Better storage facilities for Belfast cyclists urged amid 'epidemic' of bike thefts
There is a "virtual epidemic" of bike thefts, it has been claimed.
Almost 2,000 bikes have been stolen in Belfast in the past three years.
With the average cost of a bike being around £230, this amounts to half-a-million pounds in stolen property.
Regular cyclists are calling for Stormont or Belfast City Council to look into providing secure places for commuters to store their bikes.
Ukip MLA David McNarry uncovered the figures through a Freedom of Information request to the PSNI.
He discovered that 610 bikes were stolen in Belfast during the financial year 2012/13, 626 in 2013/14 and 543 in 2014/15.
"This is a virtual epidemic of theft," he said. "Bicycle theft is a low-risk, high reward crime.
"People can help by having their bike securely marked and registered. They can find and keep details of their bike's frame number which can be found usually between the pedals or where the back wheel joins the frame.
"They should keep the bike register number and take a photograph of the bike.
"They should use two, not just one, high quality locks to secure the bike and they should lock the frame and both wheels to the bike parking stand where they leave their bike.
"People should also check that where they leave their bike is covered by CCTV."
Mr McNarry said bike theft has increased by around 80% since 2000.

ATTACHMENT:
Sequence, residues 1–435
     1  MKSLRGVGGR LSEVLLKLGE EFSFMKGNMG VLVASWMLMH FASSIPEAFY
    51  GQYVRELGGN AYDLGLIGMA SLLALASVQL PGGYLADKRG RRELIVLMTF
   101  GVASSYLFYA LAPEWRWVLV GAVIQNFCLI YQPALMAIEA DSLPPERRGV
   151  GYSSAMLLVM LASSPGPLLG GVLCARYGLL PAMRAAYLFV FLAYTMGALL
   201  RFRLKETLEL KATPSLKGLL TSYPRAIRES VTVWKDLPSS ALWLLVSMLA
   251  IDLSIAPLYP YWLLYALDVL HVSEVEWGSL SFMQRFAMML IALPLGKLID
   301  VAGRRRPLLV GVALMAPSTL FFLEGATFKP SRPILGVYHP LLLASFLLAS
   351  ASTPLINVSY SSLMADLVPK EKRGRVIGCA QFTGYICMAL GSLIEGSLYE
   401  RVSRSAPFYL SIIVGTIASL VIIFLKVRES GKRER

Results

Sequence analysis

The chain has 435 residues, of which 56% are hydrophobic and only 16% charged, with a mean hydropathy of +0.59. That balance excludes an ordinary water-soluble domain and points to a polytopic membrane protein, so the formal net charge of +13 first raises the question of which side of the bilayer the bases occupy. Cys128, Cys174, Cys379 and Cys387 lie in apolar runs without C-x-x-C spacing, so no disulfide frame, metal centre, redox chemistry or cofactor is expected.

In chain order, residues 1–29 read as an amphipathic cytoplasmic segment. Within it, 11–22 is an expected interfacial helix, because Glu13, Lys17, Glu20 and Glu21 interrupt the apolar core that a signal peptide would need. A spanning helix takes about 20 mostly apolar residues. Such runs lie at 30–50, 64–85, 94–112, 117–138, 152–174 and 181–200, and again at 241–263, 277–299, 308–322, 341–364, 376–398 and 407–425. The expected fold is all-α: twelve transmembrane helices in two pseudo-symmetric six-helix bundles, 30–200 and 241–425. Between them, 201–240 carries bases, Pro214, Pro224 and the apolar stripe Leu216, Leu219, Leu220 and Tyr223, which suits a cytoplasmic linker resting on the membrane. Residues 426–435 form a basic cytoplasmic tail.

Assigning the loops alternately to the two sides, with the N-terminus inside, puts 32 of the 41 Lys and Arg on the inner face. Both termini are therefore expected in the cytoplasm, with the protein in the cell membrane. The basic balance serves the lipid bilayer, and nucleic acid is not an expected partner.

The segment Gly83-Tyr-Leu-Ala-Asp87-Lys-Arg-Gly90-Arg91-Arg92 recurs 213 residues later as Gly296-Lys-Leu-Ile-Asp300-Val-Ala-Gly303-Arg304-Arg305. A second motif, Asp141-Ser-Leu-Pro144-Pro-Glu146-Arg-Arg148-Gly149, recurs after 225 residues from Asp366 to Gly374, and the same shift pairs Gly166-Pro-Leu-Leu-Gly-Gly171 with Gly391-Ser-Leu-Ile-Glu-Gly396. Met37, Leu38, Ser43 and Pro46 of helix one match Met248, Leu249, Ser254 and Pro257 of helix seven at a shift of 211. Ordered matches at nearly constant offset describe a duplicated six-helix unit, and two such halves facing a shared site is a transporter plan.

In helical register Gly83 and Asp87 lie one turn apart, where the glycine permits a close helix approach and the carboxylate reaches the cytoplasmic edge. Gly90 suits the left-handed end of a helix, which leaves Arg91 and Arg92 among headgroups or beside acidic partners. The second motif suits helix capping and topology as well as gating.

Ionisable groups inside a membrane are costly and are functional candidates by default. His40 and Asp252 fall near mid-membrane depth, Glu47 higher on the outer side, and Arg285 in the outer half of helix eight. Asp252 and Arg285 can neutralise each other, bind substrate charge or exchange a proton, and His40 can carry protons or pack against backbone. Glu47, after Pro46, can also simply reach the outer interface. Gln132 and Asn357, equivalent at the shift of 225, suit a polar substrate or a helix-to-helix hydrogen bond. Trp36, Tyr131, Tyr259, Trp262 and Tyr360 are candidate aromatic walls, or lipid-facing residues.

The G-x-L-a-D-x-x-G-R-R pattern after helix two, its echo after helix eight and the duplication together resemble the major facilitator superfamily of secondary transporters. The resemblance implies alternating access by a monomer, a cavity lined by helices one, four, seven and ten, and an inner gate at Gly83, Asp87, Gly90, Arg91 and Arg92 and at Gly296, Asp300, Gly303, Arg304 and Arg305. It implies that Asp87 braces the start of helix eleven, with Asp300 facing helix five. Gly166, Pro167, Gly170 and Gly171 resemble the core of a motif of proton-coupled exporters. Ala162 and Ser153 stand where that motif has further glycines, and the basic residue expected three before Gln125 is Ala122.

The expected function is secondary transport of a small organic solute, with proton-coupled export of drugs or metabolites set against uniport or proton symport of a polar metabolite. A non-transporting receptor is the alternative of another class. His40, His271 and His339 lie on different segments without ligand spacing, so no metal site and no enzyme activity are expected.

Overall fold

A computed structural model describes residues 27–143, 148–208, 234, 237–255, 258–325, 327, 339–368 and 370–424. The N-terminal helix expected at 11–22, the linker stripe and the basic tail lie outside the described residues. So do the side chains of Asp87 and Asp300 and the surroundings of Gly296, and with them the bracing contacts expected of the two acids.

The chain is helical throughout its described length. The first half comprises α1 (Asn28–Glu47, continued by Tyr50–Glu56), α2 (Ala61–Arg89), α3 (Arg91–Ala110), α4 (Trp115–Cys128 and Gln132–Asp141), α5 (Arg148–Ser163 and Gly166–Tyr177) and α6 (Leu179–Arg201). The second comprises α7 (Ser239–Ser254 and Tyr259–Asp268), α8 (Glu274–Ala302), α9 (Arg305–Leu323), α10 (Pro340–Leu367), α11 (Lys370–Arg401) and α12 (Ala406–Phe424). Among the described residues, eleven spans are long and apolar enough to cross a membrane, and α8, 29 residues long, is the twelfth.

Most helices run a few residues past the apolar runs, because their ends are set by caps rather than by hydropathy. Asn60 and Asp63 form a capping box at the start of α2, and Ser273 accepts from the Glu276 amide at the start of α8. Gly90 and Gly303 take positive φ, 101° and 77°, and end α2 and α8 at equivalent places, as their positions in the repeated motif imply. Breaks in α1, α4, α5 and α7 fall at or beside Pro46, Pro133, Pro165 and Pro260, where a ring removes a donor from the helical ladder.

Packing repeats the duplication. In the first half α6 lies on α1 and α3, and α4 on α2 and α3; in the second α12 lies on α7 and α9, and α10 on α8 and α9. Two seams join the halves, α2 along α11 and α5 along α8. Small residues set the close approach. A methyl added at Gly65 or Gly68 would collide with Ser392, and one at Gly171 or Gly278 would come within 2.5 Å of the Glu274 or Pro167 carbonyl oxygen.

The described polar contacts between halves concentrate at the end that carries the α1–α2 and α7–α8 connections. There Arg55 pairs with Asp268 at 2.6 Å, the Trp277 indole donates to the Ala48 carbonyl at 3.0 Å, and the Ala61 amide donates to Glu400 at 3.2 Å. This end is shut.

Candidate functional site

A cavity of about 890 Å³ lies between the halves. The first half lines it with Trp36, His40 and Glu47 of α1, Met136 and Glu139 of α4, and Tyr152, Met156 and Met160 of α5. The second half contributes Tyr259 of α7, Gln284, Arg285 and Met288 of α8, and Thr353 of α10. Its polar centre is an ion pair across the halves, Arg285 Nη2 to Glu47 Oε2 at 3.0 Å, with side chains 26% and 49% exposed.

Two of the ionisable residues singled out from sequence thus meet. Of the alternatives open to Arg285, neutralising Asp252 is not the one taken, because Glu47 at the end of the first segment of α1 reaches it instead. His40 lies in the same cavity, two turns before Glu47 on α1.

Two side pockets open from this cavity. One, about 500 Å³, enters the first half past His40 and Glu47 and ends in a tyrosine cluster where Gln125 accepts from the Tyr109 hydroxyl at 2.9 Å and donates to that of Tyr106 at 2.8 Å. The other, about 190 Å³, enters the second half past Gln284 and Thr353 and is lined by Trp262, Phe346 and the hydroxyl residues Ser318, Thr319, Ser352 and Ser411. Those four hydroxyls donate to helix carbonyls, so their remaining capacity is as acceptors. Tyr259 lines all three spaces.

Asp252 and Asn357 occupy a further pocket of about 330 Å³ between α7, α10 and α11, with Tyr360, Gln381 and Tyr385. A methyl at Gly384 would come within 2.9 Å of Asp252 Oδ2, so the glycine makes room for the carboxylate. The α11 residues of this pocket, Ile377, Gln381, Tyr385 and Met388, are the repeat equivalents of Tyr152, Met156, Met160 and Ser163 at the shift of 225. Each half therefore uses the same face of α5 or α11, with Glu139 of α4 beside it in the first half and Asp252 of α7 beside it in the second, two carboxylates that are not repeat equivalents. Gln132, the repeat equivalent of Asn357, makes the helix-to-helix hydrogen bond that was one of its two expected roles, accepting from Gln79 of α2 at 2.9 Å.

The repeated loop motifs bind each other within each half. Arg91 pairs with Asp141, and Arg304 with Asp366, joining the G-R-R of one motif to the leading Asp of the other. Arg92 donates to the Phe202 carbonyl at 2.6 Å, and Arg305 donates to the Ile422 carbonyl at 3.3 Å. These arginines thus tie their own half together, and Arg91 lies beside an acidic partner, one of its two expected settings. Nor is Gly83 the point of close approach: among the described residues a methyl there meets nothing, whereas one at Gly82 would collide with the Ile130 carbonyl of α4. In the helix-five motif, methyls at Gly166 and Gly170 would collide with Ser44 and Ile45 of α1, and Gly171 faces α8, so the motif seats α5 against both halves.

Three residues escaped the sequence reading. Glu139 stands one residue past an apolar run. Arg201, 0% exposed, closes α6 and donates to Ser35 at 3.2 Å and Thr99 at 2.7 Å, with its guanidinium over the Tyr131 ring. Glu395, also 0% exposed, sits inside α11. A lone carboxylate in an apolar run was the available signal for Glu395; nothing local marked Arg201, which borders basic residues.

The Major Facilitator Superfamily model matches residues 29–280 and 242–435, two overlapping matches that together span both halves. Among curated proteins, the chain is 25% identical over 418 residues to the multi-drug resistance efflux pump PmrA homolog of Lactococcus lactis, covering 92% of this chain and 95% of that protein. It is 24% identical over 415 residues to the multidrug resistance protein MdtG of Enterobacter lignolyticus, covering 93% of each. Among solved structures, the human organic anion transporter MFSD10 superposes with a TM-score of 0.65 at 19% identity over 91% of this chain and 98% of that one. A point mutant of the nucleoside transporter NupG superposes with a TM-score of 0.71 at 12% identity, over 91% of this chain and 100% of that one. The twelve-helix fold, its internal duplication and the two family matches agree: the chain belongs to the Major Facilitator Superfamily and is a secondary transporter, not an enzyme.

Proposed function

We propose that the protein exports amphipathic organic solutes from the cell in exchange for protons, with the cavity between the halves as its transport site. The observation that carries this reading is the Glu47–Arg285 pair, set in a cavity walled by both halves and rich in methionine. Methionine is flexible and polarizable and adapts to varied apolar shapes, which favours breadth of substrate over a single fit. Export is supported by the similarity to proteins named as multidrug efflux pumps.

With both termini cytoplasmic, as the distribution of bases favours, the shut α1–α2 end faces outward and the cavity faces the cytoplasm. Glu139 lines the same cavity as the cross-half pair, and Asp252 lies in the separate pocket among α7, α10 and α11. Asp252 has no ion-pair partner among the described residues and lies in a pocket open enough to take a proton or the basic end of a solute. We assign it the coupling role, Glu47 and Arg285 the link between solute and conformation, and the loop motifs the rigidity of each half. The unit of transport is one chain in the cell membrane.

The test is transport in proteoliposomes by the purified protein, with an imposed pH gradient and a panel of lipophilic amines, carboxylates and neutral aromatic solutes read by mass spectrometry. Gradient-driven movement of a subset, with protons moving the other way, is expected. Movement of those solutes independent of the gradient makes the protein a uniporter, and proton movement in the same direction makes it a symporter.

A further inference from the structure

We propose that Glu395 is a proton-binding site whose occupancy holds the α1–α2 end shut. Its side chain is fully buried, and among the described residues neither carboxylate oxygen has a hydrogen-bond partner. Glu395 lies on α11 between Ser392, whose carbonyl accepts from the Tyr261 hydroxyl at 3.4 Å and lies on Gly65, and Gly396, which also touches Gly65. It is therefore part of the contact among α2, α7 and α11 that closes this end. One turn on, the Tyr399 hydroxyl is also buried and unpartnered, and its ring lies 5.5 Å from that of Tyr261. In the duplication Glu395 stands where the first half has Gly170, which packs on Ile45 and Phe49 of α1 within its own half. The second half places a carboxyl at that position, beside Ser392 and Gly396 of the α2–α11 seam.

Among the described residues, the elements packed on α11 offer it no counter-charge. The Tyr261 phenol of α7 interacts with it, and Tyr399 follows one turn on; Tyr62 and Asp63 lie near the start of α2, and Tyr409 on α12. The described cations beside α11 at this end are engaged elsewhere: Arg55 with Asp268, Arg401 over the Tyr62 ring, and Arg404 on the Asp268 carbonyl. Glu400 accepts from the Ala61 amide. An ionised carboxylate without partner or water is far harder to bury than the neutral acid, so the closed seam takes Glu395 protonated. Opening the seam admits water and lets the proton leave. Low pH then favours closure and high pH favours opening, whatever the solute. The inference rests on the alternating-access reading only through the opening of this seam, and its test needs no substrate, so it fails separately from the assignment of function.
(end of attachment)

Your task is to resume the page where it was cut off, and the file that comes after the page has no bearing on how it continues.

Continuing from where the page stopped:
"Most bicycle thefts occur in or near the home, the workplace, public places and high risk venues like railway stations and university campuses," he said.
"The average price of a bike is £233 so bicycle theft in Belfast in the past three years must be approaching half-a-million pounds in value."
Alliance MLA Chris Lyttle chairs the Assembly group on cycling and is a keen cyclist himself.
"Thankfully, I have never experienced bike theft myself, my locks seem to work, but the number of bike thefts across the city is obviously a shocking figure," he said.
"I think the Minister of Regional Development and Belfast City Council should be proactively looking at secure bike storage - even if it meant sacrificing a couple of parking spaces here and there to provide the means for cyclists to be able to lock up their bikes securely and be confident to be able to leave them for longer periods of time."
Belfast Green Party councillor Ross Brown uses his bike to commute and echoed the calls for secure storage. He said: "I have heard of a few people who have had their bikes stolen. I would like to see secure and sheltered places for people to lock their bikes."